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This article in JEQ

  1. Vol. 21 No. 4, p. 659-665
     
    Received: Sept 4, 1991


    * Corresponding author(s):
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doi:10.2134/jeq1992.00472425002100040021x

Nitrate Dynamics in Riparian Forests: Groundwater Studies

  1. Robert C. Simmons,
  2. Arthur J. Gold * and
  3. Peter M. Groffman
  1. Univ. of Rhode Island, Dep. of Natural Resources Science, Kingston, RI 02881.

Abstract

Abstract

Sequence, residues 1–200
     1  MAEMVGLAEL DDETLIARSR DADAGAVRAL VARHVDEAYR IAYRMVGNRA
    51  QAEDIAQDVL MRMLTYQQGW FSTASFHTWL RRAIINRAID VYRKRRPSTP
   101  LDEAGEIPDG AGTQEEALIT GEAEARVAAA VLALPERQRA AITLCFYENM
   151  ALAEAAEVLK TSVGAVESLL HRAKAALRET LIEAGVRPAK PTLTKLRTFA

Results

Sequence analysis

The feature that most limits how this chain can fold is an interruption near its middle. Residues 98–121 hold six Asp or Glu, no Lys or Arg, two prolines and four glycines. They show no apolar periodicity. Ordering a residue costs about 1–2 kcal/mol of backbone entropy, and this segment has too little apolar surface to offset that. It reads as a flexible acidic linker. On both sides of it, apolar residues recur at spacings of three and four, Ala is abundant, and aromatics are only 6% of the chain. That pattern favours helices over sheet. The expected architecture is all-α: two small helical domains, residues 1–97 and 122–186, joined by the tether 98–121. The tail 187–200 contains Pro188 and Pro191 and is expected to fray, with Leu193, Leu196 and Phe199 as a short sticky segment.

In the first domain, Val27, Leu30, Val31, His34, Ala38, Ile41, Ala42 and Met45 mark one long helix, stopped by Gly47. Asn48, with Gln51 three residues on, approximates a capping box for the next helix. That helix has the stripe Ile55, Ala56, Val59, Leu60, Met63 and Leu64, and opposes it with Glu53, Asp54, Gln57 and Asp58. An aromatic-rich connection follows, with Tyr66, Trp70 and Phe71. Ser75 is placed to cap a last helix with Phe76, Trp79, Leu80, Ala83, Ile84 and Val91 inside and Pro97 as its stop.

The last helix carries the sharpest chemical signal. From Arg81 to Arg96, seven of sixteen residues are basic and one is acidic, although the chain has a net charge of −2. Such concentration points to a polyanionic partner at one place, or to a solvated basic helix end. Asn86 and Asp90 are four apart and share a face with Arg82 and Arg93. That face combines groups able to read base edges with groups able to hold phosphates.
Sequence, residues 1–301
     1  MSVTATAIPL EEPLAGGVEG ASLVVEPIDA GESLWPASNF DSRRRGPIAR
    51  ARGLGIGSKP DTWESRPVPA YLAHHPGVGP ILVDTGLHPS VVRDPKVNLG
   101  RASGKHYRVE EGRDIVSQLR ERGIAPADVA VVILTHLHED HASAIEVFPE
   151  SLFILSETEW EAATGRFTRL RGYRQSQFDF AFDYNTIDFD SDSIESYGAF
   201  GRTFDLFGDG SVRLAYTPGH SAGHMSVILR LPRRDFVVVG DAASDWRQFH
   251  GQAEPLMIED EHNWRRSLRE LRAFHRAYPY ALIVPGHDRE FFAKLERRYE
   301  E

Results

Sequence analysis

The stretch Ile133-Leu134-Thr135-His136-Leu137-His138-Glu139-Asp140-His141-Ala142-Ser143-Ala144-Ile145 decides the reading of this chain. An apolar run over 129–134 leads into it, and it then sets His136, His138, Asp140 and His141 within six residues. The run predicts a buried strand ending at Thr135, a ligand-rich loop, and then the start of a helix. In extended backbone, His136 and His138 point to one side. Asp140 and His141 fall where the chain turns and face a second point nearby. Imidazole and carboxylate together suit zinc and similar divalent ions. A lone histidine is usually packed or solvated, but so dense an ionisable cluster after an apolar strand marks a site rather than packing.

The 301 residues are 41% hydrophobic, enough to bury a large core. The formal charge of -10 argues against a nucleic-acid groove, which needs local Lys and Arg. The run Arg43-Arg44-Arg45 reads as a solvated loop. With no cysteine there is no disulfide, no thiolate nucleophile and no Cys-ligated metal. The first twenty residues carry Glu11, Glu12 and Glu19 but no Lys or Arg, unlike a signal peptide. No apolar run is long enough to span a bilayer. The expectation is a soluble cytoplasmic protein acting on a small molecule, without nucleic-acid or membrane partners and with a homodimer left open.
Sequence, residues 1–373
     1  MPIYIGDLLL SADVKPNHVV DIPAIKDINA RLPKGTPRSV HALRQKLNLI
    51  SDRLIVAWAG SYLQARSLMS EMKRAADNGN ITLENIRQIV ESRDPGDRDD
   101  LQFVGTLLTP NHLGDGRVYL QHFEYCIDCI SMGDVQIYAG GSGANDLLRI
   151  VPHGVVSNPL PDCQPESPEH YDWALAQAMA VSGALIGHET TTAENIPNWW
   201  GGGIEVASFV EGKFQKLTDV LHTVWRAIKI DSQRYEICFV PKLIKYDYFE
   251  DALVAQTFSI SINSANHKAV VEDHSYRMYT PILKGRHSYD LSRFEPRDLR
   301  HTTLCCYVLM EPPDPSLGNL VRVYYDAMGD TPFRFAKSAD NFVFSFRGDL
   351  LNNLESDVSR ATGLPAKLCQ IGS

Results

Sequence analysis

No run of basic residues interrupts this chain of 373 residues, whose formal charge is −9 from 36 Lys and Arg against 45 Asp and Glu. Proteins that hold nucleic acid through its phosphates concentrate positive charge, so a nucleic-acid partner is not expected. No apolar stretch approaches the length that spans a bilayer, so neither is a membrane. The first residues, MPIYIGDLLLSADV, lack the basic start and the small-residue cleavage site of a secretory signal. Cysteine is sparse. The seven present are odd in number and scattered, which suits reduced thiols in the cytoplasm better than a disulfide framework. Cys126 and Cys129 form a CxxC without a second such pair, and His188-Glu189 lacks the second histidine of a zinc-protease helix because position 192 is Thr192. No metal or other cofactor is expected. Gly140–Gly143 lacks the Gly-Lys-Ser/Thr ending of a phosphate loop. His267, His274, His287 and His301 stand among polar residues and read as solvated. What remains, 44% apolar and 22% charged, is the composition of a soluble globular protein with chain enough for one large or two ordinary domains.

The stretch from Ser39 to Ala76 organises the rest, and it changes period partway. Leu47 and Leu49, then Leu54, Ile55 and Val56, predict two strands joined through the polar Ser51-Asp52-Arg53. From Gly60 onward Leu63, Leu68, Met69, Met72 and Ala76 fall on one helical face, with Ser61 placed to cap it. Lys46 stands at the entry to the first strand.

This study was conducted to assess the removal of groundwater nitrate (NO3) in different soil drainage classes within three riparian forests located in Rhode Island. A solution of NO3 and a conservative tracer [either bromide (Br) or chloride (Cl)] was applied in the growing and the dormant seasons to trenches upgradient of wetland locations with hydric soils (poorly and very poorly drained soils) and transition zone locations with somewhat poorly and moderately well-drained soils located immediately upslope of the wetlands. To assess removal, the change in groundwater concentrations of NO3 relative to the concentration of the conservative tracer was observed in monitoring wells located in each soil drainage class from June 1989 through April 1990. Removal of groundwater NO3 was consistently high in the wetland locations, generally in excess of 80% in both growing and dormant seasons. In the transition zones, attenuation was less than 36% during the growing season, and ranged from 50 to 78% in the dormant season. Attenuation in the transition zones was positively correlated with water table elevations. Transition zone attenuation was high in the dormant season relative to the growing season likely because high water tables during the dormant season caused the contaminant plume to be exposed to soil with higher organic matter. The results suggest that both wetlands and transition zones between wetlands and uplands can be important sinks for groundwater NO3.

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